On a multi-generational farm just outside of Irricana, Linda Wright was surprised when one of her sheep – named Bunny – gave birth to sextuplets.
“I just was so surprised as they just kept coming out.… Every time I had another one, I would lift it up like in The Lion King,” she said.
According to Wright, her nephew Curt, was seeding around the property and watched her lift up the sheep, one by one.
“Finally, he was like, ‘She's either lifting the same one up or she's having a whole lot of them.’ It was pretty funny,” she said.
The Irricana-area grain, cattle and trucking operation will be celebrating 100 years in July. Wright said sheep weren’t included in the farm’s livestock until her son joined 4-H and brought one home.
That original sheep – a resident of the family farm for nearly 14 years, and is now enjoying retirement – was present for the birth of Bunny’s sextuplets, according to Wright.
“She's been retired for about four years,” Wright said. “She was the first one that ever had lambs here on the farm.”
Following the long winter, Wright said she wasn’t sure if the season would bring many lambs, but added she worked hard to keep the mothers well-fed and healthy.
“I was so scared with the cold weather, and [I had to] make sure the mothers were in good condition,” she said. “I guess that helped, because I've never had this many – especially six.”
Regardless of the weather, Wright said, it has been a prolific year. While she said she has had sheep birth triplets in the past, she has six sets of triplets on the farm this year.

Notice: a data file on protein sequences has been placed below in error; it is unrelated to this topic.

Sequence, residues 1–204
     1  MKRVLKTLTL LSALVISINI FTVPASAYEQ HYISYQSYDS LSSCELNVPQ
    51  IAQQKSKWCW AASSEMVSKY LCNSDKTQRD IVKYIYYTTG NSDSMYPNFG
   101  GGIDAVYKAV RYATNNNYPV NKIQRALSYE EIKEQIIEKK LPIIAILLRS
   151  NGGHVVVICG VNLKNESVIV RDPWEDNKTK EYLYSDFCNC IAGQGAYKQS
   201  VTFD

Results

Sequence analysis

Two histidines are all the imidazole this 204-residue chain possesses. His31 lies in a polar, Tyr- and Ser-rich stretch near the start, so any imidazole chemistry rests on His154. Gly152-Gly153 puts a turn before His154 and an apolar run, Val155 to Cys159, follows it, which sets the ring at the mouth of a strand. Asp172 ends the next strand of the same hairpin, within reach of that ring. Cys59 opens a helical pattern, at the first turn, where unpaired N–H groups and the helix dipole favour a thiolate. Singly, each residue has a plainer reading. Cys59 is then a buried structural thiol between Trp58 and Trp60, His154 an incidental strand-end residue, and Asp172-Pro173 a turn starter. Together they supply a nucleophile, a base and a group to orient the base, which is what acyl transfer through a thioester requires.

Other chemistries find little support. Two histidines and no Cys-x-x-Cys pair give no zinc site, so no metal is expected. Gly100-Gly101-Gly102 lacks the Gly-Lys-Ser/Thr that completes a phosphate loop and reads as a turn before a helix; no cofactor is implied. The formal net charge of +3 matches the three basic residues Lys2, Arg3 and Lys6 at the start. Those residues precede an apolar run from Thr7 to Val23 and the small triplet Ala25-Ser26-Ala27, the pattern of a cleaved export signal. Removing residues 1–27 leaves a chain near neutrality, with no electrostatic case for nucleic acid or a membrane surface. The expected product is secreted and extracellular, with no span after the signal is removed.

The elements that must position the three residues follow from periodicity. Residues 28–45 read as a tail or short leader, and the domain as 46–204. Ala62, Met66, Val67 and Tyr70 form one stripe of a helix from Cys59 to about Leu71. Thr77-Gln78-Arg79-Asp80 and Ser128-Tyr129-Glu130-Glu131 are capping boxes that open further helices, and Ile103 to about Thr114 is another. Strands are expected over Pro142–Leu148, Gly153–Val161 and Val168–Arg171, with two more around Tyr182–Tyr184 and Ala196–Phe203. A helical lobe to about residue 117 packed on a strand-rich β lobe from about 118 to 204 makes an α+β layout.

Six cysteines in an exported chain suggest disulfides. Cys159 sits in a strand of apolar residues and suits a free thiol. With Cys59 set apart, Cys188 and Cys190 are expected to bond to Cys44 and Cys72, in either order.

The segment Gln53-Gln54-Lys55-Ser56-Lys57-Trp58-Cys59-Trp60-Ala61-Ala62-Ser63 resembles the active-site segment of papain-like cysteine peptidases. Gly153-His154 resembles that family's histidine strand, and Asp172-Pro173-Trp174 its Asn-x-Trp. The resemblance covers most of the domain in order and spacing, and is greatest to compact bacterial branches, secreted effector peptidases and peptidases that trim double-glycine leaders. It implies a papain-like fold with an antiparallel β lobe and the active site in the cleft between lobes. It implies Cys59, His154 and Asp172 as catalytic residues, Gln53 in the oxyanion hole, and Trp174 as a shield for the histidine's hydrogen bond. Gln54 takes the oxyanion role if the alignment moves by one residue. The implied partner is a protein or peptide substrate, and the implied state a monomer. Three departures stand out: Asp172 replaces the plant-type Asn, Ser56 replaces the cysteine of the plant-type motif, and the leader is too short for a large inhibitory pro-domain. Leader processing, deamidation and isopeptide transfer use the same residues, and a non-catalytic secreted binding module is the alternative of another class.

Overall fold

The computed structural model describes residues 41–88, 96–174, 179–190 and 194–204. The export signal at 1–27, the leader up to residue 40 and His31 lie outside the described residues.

Still, Bunny blew them all away when she gave birth to four boys and two girls. According to Wright, her breeder hasn’t seen that happen in more than 10 years – particularly since the farm raises Canadian Arcott sheep.
“It is quite rare,” she said. “It's not impossible, but I guess it is very rare, especially with my breed of sheep.”
This was only Bunny’s second time giving birth, after she had triplets last year. Wright said she began bottle-feeding some of the babies to give the mother a break after an overwhelming couple of days.
“She is just a tiny thing. She could not feed all of them,” she said. “It wouldn't be healthy for her, either.”
For the first few nights, Wright said, she was up every couple of hours to help feed the sheep with a bottle. After several days of hard work, she said she can confirm that Bunny and her babies are all healthy and in great shape.
“She's an amazing mom,” Wright said. “She was great with all six babies.”
She added Bunny’s sister, Honey, had three babies of her own this year, as well.